IN EARLY FEBRUARY of this year, the inhabitants of Little Bay Islands, Newfoundland and Labrador voted unanimously to be resettled. The 71 eligible voters all voted to take the provincial government’s offer of $270,000 per household to relocate.
The news accounts are that, despite the money, it was not a joyous outcome. Without a doctor, or a store, or any other basic services, life was just getting too difficult for the aging residents of the island community. A 30-minute ocean crossing by ferry was needed every time the basics of life were required.
What a hardship for the residents, to leave behind the place they must love. But at least the Newfoundland government is upfront in terms of letting people in a dying community have dignity and support to move elsewhere. At least, when a small community has no economic reason to continue, Newfoundland residents have support to rebuild their lives somewhere else.
You don’t have to go very far to find dying communities in B.C., too. For example, drive south from Clinton through Cache Creek to Hope, one sees a continual parade of closed restaurants, abandoned motels, shuttered gas stations, and boarded up houses.
A few years back, there were two houses for sale for $1 each in Boston Bar.
A long since closed sawmill in Boston Bar has just been joined this week by a sawmill closed at Chasm, just outside Clinton.
There isn’t a school in Spences Bridge anymore. There is talk of closing one of the two schools in Lytton too.
Since the beginning of 2019, the Ashcroft hospital emergency room has closed on average one weekend per month. When Ashcroft hospital is closed, area residents have to travel to Merritt, Kamloops, Hope or 100 Mile House for services.
Interior Health Authority has been unable to staff the Ashcroft hospital to keep it open consistently. It is ironic, that Ashcroft is next to the largest open pit copper mine in Canada. It is hard to comprehend that the province can’t find provide sufficient funds to attract medical staff to the hospital given the tax revenues the mine produces.
No sawmills. No schools. No hospital services. Inch by inch, small towns are shuttered.
I love the area from Clinton to Hope. I have friends who live in a number of the communities in the area and I go there frequently. But it’s clear the region’s glory days are past.
The closing of the mill in Chasm this week is just part of a slow decline of many small towns in B.C.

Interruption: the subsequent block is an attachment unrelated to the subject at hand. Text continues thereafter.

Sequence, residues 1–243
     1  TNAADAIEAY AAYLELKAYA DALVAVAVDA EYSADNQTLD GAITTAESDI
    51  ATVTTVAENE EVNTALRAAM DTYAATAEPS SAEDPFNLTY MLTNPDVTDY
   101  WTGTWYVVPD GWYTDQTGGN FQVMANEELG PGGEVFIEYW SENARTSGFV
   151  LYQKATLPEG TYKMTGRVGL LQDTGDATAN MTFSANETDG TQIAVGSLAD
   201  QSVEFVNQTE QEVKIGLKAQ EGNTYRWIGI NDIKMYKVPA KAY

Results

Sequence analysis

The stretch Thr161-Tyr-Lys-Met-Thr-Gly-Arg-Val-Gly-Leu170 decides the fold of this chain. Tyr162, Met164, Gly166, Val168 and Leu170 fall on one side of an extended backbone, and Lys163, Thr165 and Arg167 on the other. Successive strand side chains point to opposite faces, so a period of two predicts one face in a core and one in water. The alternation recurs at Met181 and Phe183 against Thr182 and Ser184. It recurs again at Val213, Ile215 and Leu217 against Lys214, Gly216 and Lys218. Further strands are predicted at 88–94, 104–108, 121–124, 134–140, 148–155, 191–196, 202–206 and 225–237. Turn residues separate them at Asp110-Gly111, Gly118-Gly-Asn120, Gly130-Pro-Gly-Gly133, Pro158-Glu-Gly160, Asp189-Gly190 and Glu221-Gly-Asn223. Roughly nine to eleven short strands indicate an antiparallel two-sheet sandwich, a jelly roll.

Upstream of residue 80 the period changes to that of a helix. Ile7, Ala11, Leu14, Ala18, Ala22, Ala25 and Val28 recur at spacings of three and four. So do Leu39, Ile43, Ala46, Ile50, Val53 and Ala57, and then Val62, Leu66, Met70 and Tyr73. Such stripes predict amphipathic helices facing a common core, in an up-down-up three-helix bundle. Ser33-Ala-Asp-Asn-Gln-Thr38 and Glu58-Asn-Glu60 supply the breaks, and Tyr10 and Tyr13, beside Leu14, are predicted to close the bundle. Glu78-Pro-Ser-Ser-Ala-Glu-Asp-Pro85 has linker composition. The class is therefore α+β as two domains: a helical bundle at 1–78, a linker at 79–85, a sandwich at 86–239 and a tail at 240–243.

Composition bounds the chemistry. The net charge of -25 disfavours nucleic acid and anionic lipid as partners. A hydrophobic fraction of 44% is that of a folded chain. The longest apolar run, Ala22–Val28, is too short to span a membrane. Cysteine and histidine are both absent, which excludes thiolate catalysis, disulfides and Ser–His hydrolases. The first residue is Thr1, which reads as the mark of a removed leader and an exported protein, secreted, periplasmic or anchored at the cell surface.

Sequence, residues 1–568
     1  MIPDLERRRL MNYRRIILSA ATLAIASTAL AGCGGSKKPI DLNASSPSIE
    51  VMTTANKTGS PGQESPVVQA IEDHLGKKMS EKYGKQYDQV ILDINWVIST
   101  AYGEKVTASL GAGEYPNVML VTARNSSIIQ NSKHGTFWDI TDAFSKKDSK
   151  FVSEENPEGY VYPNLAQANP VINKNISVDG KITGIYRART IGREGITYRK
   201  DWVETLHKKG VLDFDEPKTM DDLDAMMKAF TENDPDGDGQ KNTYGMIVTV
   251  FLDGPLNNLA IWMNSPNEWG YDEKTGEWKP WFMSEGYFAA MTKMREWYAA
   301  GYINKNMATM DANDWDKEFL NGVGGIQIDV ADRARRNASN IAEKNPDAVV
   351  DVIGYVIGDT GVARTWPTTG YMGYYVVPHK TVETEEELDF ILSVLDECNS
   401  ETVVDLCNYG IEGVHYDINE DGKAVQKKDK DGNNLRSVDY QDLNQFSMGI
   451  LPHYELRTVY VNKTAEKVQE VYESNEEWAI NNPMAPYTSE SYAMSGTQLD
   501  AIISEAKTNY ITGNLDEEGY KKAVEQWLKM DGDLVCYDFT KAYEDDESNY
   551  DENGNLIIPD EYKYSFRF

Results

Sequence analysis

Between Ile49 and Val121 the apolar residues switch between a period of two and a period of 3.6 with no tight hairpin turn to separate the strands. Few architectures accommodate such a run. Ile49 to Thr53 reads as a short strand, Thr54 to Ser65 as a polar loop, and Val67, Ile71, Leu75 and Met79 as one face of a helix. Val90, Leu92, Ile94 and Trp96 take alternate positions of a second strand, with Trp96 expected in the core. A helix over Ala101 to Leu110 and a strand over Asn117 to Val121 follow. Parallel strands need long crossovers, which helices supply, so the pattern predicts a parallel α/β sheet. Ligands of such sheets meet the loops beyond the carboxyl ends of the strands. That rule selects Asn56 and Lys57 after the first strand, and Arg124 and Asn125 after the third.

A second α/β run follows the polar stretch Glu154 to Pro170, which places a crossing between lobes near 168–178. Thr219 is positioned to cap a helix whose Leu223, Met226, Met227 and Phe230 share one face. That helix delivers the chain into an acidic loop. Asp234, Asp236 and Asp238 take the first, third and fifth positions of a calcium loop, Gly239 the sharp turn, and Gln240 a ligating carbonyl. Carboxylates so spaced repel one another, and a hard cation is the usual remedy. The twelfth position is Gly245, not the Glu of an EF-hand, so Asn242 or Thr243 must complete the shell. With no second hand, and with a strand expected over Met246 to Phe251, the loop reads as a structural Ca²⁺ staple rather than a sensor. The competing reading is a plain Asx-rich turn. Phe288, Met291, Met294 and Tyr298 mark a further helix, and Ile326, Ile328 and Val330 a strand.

If you live in a community that is shrinking in B.C., you live in a small town. When you live in a large community in BC, you growing.
In B.C., from 2011 to 2018, one in six B.C. communities, 30 in all, lost populations. Towns like Cache Creek, 100 Mile House and Ashcroft lost people.
Of the 30 communities which lost population, 16 had populations less than 1,000. All but one of those municipalities were under 4,500, with only one with 8,500 in population.
At the same time, every one of B.C.’s 36 communities over 40,000 in size gained at least four per cent up to 18 per cent in population. Large cities are growing in B.C.
Just like in Newfoundland and Labrador, many small B.C. places are shrinking.
In Newfoundland and Labrador, the government has given communities the choice of what to do when they lose population. When a community has no reason, when there is no economic base, people are given a chance and support to rebuild their lives elsewhere.
Is it time for B.C. to do the same?
Should the B.C. government pay people to leave small towns? As harsh as it seems to pay people to leave towns, having no major employers, no school, no hospital, and few other services is harsher yet. Would it be better to give money to residents relocate, rather than have them live through erosion of one service after another?
On the other hand, if having vibrant towns across the province is a goal of the B.C. government, then rather than pay people to leave small towns, is it time to reinvest and expand services in smaller centres?
Despite their size, small places like Ashcroft, are key to the economic prosperity of the province. One way or the other, it’s time the province invested in the small towns of B.C.
Nancy Bepple is a former City councillor of Kamloops with a strong interest in community building projects.